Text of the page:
trix had no child which should survive Jacob Jones. There was some difference in the remembrance of the witnesses as to an additional provision of one hundred dollars for the appellee, and as to whether, in addition to the fee, the appellee was to have, with Jacob Jones, a life estate in the land. Two of the witnesses agree that in the event of a child of the testatrix surviving her husband, that child was to share equally the fee with the appellee. In considering the evidence as we have stated it, we have selected such parts of the evidence of the various witnesses as was found most favorable to the conclusions we have stated. This we understand to have been the privilege of the jury, and we are not at liberty to set up the trivial inconsistencies in the evidence of any one witness as neutralizing that which supports the verdict. We may say, therefore, that the provisions of the will as alleged in the complaint, and as returned by the jury had the united support of two witnesses whose credibility was passed upon by the jury, and is not in review in this court.
The argument is made that the evidence does not prove a search and failure to find the will, and that if it had, the legal presumption must arise that the will was destroyed by the testatrix animo revocandi. The theory of the case was not that the will was lost, but that it was destroyed after the death of the testatrix; search, therefore, was not consistent with that theory, and the burden was assumed by the appellee and discharged by the evidence, that the will was destroyed, not by the testatrix with the intention to revoke it, but by another.
Complaint is made that the court charged the jury that if they found any fact established by a preponderance of the evidence they should state such fact in the special verdict. It was also charged that provisions of the will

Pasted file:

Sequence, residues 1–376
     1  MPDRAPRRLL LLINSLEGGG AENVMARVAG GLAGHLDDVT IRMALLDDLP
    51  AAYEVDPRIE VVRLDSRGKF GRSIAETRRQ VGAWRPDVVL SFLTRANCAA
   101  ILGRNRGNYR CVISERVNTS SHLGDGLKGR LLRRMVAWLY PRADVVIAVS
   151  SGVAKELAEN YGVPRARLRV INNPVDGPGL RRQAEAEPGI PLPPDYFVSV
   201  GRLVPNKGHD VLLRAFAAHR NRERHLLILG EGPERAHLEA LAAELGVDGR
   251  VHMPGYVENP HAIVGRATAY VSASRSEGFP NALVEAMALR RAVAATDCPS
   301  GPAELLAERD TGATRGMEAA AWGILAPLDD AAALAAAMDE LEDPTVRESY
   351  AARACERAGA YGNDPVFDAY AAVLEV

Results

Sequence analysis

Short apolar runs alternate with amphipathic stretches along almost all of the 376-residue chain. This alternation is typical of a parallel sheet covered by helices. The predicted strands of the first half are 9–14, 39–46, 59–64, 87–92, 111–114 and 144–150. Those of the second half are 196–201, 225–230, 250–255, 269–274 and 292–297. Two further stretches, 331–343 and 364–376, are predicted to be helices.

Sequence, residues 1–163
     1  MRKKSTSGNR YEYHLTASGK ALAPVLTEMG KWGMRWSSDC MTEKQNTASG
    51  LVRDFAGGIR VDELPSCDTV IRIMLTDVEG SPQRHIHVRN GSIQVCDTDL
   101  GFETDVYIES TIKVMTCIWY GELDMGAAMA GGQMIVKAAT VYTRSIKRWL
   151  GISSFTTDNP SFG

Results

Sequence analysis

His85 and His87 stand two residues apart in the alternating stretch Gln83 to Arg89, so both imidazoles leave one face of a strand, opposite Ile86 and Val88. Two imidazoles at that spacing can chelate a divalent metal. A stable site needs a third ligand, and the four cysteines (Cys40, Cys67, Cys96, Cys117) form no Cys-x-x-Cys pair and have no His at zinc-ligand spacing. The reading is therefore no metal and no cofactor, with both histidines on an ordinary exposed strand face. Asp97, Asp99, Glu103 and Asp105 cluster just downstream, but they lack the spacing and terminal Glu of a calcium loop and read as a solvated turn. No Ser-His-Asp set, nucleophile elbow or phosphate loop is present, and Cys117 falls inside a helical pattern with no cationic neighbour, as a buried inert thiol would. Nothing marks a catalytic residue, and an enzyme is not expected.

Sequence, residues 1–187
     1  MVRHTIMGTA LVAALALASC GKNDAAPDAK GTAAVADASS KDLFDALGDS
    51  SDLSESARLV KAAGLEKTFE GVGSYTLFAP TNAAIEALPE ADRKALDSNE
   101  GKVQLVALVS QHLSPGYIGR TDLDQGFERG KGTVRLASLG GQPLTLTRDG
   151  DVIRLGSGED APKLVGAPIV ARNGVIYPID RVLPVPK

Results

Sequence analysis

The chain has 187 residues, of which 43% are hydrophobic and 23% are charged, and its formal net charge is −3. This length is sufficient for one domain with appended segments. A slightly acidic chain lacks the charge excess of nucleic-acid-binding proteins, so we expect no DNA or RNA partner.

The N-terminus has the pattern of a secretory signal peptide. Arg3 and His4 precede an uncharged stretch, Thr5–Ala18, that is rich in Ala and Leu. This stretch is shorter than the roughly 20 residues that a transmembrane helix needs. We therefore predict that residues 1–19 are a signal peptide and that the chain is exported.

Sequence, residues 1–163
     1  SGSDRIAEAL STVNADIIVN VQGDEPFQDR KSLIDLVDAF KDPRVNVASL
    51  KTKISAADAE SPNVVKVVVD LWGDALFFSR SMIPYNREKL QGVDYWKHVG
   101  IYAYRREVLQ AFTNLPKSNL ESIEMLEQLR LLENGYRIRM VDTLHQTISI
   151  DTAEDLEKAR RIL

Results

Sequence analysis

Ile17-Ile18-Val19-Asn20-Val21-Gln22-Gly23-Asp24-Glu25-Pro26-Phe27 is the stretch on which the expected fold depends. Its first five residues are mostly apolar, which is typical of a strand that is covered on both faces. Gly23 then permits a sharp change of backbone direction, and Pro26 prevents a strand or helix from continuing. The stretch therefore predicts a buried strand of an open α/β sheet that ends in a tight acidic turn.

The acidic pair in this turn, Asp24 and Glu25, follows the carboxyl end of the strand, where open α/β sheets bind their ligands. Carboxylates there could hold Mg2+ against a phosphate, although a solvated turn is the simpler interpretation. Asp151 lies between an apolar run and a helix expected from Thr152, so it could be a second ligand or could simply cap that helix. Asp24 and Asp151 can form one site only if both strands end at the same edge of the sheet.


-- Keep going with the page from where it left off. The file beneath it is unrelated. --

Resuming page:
Jones et al. v. Casler.
should be clearly proven by two witnesses or by a copy of the will and one witness.
It is not a just criticism of the first of said two charges that the jury were directed to find the provisions of the will upon a mere preponderance of the evidence regardless of the number of witnesses testifying thereto. The jury could not have failed to understand that while two witnesses were necessary, nevertheless it required a preponderance of the evidence, and that such facts as were so supported should be returned.
An instruction asked by the appellant, that all of the contents of the will should be proven, was modified to direct that the substantial contents of said will should be proven. This modification, in view of what we have already said, was not erroneous.
An instruction in the following language was given: "I instruct you that when witnesses are otherwise equally credible and their testimony otherwise entitled to equal weight, greater weight and credit should be given to those whose means of information were superior; and, also, to those who swear affirmatively to a fact, rather than to those who swear negatively, or to a want of knowledge or a want of recollection."
This instruction was copied from Sackett's Instructions to Juries, p. 33, and Blizzard v. Applegate, 61 Ind. 368, is cited by the author in its support.
The instruction reviewed in the case cited did not so clearly invade the province of the jury as that given by the author, yet it was held to have been improper. The weight to be given to the testimony of any witness or class of witnesses is always a question for the jury and it is never proper to charge the jury, as a matter of law, that any witness or class of witnesses shall be received with greater consideration than any other. Woollen v. Whitacre, 91 Ind. 502; Cline v. Lindsey, 110 Ind. 337;
Cole v. Gray et al.
Durham v. Smith, 120 Ind. 463; Duvall v. Kenton, 127
For the error in the charge given, the judgment of the circuit court is reversed.
DAILEY, J., did not participate in considering this appeal.
Filed Nov. 13, 1894.
COLE v. GRAY ET AL.
QUIETING TITLE.-Complaint.—Demurrer.—A complaint in the usual
From the Tipton Circuit Court.
R. N. Lamb and R. Hill, for appellant.
G. Shirts and I. A. Kilbourne, for appellees.